Providers     Providers

                          100      Medicare Crossover                                                    27,593           119,801          $3,822,026.87        1,609         6,404
                          120      Hospital Outpatient – Emergency Room                                     160               168             $60,891.68           14            87
                          122      Hospital Outpatient – All Other                                       12,839            52,070          $9,908,031.15           43         1,705
                          130      Physician Services – All                                             200,318           491,149         $37,810,507.29        1,294         7,068
                          131      Other Practitioner                                                   113,068           943,843         $98,397,077.51        4,082         6,209
                          145      Home Health Services                                                     343             2,894           $670,081.02             8           183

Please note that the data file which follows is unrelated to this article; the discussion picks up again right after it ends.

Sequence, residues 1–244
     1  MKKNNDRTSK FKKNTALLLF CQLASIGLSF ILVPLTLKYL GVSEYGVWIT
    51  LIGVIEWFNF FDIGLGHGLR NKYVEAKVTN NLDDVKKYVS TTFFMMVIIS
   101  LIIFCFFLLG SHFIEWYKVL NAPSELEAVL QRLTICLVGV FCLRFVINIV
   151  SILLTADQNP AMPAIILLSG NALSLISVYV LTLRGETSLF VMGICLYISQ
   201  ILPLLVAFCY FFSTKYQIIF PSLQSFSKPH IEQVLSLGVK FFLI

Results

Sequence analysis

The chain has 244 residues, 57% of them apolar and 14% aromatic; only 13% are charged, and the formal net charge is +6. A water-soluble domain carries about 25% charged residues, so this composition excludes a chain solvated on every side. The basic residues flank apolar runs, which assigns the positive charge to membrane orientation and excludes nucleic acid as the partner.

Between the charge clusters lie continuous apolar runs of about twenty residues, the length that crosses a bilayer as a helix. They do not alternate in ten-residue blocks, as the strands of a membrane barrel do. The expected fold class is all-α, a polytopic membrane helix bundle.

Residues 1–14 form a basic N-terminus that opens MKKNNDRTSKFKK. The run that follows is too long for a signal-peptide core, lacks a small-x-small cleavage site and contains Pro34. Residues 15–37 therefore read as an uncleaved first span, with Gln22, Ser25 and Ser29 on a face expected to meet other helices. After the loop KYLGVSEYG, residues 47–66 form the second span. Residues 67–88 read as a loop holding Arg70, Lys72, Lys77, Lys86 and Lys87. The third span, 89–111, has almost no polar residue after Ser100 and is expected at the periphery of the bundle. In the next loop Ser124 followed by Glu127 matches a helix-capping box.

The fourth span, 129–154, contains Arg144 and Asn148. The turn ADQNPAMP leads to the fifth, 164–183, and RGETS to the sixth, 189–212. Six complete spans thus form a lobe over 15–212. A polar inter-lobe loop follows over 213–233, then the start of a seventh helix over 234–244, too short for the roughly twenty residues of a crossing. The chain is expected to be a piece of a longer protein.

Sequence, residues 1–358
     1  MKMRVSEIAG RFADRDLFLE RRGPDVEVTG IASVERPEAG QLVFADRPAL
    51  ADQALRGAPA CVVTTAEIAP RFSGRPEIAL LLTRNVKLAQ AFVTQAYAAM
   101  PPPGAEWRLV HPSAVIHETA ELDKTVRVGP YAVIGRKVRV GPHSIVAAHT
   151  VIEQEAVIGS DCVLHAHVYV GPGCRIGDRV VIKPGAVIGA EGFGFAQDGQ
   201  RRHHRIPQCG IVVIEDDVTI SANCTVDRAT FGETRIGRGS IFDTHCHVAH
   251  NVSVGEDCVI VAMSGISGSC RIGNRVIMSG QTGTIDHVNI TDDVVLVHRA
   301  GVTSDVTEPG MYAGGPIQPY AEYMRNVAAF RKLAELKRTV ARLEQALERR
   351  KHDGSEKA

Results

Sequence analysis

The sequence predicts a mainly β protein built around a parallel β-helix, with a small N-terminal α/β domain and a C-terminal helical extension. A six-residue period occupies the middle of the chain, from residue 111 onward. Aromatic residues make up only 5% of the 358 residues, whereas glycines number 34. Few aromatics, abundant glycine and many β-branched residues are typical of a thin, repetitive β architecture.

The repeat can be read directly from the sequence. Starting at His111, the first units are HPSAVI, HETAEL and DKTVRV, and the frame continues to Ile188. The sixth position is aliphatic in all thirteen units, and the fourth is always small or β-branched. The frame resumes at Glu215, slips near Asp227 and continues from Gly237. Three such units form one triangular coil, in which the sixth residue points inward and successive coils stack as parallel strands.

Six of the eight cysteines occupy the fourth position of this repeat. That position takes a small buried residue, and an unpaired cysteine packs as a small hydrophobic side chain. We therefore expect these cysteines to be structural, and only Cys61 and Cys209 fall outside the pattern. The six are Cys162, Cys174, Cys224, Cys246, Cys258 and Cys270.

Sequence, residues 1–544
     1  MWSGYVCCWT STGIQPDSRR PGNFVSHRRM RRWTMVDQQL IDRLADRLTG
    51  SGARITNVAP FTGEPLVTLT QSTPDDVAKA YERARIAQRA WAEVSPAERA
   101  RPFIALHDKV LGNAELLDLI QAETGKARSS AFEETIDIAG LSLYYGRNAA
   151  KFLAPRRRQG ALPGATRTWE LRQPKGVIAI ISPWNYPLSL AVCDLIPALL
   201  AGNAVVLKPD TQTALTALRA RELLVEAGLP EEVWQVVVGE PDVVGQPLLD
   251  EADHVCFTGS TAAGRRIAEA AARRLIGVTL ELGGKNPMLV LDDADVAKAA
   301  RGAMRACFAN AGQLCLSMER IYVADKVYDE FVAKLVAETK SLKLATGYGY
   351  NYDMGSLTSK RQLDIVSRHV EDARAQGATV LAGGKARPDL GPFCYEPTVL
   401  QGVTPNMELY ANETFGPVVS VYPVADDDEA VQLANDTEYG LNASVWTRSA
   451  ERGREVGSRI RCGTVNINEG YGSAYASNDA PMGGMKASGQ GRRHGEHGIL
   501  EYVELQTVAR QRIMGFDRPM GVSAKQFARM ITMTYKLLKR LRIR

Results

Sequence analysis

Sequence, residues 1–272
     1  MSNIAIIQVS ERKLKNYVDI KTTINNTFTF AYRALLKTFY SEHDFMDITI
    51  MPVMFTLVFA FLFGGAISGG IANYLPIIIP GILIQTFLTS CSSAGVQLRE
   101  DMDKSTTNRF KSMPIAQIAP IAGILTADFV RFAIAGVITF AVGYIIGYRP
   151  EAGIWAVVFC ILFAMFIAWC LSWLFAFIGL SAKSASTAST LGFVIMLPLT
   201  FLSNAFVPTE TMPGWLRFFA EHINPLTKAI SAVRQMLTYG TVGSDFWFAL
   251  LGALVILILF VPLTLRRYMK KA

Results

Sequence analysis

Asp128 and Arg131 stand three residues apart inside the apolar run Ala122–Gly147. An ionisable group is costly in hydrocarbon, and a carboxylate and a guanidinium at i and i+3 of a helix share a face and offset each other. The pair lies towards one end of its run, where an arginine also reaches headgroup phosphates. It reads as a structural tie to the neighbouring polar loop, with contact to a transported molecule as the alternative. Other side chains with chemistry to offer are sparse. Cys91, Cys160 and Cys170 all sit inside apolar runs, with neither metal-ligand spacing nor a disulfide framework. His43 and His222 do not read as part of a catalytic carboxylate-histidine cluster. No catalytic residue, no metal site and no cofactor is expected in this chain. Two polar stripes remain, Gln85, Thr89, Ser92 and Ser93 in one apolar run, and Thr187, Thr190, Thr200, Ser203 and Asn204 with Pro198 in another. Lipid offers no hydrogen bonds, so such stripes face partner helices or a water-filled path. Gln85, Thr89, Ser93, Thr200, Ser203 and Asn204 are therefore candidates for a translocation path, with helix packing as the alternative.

150      FQHC – Medical                                                       140,236           410,525                  $0.00           19           858
                          152      FQHC – Mental Health                                                  38,578           452,286                  $0.00           18           755
                          160      Dental                                                                    11                11               $274.56             1             1
                          161      Vision                                                                   247               403             $16,076.68           34            55
                          162      Clinic Services                                                       61,092           696,392         $71,903,606.70          240         1,178
                          999      All Other                                                             16,580           242,457         $24,494,286.95          184           528